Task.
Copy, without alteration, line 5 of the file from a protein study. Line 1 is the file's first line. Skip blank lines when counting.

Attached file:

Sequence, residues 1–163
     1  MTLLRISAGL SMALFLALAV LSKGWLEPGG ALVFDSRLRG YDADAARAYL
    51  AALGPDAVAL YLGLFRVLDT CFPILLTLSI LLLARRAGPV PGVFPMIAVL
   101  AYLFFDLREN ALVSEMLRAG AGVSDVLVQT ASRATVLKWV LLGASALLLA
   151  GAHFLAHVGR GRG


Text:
   151  GAHFLAHVGR GRG